Hannah Wilson and Liam Wolfe, Staff Writers – Lecanto High School [LHS] offers two prestigious and equally rewarding academic programs that many students choose to partake in: the International Baccalaureate [IB] program and Dual Enrollment [DE]. Both programs help students build necessary skills, such as a stronger work ethic and more diligent time-management. However, the programs are distinctly different.
DE allows students to take classes not only at the high school, but also at the College of Central Florida [CF]. Most students attend the Lecanto campus, but some drive to the main campus in Ocala.
IB is an internationally recognized program that prepares student participants for the challenges of college. The learning process takes place entirely on the LHS campus, however, the IB curriculum is very different from the regular or even the honors level.
While both programs offer significant benefits, some students feel that DE offers certain opportunities that IB does not.
“The benefits to Dual Enrollment include being able to leave school, getting college credits for free, and getting a head start on what college feels like,” said senior Kallie Weidner, who has completed almost two years in DE. “It has been an amazing experience for me and I should have my Associates of Arts [AA] before I even graduate [from] high school, which will definitely prepare me for college.”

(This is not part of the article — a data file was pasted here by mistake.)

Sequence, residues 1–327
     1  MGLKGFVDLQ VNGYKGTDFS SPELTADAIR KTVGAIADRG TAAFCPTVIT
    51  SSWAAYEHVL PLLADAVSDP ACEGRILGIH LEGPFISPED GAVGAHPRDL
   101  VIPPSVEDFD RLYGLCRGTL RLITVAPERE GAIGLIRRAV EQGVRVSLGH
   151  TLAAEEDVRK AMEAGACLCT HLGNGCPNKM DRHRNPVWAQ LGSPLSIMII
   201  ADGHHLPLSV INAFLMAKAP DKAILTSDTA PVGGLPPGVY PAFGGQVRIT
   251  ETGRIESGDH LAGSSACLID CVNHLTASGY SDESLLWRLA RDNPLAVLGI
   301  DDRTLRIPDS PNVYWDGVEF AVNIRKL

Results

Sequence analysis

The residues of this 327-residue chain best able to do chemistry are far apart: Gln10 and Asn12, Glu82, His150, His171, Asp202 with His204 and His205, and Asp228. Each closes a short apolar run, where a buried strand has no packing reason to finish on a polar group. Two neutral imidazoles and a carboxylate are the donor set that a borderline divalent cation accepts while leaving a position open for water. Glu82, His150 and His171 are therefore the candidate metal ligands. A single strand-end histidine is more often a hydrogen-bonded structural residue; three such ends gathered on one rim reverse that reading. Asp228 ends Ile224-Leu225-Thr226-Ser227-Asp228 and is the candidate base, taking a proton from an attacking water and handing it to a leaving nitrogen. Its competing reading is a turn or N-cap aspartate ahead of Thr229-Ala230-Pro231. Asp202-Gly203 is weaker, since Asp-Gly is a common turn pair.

“A notable perk of Dual Enrollment is that students are placed in an environment better suited for many learning styles and allows both personal and mental growth,” senior Dana O’Shall commented.
On the other hand, IB aims to provide rigorous courses that challenge students, aide them with organizational skills, and build their academic foundations.
Junior, Peyton Burdette feels as though IB has given her an experience that she could not have found anywhere else.
“IB has definitely opened up tremendous opportunities when it comes to college and scholarships,” Burdette said. “It also has made me better at managing my time.
IB also creates an environment that emphasizes camaraderie and builds strong bonds between the students who are involved.
“You gain a support system when you join IB. Yes, it’s a lot of hard word and dedication, but you’re not in it alone. You have a big family there to guide you through,” junior Kelley Sullivan said.
A drawback that many IB students find is that many of the IB exams seem extremely difficult. IB coordinator, Darrick Buettner, hope that students recognize that they are not as life-threateningly challenging as students might assume.
” Many don’t realize that IB exams are more user friendly to students. It is easier to pass an IB exam than an AP exam,” said Buettner.
Although both programs are uniquely demanding, they also offer benefits that students may not be able to find in general education classes.